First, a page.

This study examined perceptions of ability and affective experiences of female coaches (N=28) following a hands-on coaching internship. Coaches were interviewed regarding the internship's positive and negative aspects and their perceived strengths and weaknesses. Using qualitative research methods, quotes were drawn from the interview transcripts and submitted to an inductive content analysis. Major themes characterizing the positive aspects of the internship were satisfaction of working with kids, development of coaching skills, social support, and fun; themes related to negative aspects of the experience were negative interactions with mentor coach, excessive time demands, low perceptions of competence, negative relationships with athletes, lack of administrative support, and overemphasis on winning. Perceived coaching strengths included major themes of interpersonal communication, motivation, teaching skills, knowledge of the game, discipline, and balance of work and fun. Weaknesses were identified as inadequate sport-related knowledge and skills, leadership skills, planning and management skills, physical skills, and injury-prevention and maintenance skills. Implications of these findings for recruiting, educating, and retaining coaches are made.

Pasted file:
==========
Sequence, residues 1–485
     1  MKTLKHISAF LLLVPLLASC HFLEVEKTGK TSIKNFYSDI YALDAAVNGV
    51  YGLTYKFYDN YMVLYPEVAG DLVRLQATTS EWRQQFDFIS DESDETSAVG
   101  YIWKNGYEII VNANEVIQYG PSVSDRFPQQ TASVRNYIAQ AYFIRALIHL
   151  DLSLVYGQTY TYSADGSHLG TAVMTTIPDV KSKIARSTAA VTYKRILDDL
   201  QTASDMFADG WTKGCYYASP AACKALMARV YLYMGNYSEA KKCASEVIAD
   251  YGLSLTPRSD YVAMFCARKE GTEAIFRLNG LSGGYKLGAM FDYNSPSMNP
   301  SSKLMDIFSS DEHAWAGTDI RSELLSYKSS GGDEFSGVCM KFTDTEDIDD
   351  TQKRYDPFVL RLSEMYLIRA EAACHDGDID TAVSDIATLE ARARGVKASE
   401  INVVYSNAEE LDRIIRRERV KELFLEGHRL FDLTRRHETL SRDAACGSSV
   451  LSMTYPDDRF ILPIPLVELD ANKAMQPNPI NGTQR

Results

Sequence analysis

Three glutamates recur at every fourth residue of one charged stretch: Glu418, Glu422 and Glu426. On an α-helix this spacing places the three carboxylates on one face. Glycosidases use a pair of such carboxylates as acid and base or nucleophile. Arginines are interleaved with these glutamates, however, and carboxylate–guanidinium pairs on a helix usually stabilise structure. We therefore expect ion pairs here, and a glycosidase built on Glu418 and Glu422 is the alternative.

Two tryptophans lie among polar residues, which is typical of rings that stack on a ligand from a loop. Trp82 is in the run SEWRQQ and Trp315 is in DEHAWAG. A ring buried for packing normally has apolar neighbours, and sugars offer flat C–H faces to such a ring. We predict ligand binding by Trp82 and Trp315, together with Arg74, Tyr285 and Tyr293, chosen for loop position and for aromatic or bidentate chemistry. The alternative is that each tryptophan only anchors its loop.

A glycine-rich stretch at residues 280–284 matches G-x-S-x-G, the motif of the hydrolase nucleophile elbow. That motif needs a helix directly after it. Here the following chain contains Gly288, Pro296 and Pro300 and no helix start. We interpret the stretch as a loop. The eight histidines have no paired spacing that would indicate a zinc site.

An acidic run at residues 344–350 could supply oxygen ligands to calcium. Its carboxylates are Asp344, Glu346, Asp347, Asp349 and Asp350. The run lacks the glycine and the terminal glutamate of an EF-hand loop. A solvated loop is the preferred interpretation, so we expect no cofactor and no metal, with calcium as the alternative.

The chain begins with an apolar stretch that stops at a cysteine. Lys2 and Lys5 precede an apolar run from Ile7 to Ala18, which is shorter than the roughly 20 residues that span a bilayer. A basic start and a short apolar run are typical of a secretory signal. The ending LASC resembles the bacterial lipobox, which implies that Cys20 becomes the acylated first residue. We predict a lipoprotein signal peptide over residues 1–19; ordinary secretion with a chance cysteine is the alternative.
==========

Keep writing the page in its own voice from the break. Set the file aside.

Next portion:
Maureen R. Weiss, Heather Barber, Vicki Ebbeck and Beeky L. Sisley
Daniel M. Landers, Michael O. Wilkinson, Brad D. Hatfield and Heather Barber
The causal predominance of performance affecting later cohesiveness that has been shown in previous studies was examined by means of a series of statistical analyses designed to assess influence in a longitudinal panel design. Male students (N = 44) participating in a basketball league were administered cohesiveness and participation motivation scales at early, mid, and late season. In contrast to previous findings, the cross-lagged correlations showed that performance and cohesion were significantly related to each other with no causal predominance of one over the other. With the exception of the friendship measure, the cross-lagged correlations were no longer significant when earlier measures of the effect variable were controlled through partial correlation and path analysis techniques. In contrast to previous research, midseason cohesion, as measured by friendship, was a significant (p < .04) predictor of late season performance. The importance of interpersonal attraction in the recruitment and maintenance of intramural team members is discussed along with the necessity for determining, in future studies, the reliability of cohesiveness measures.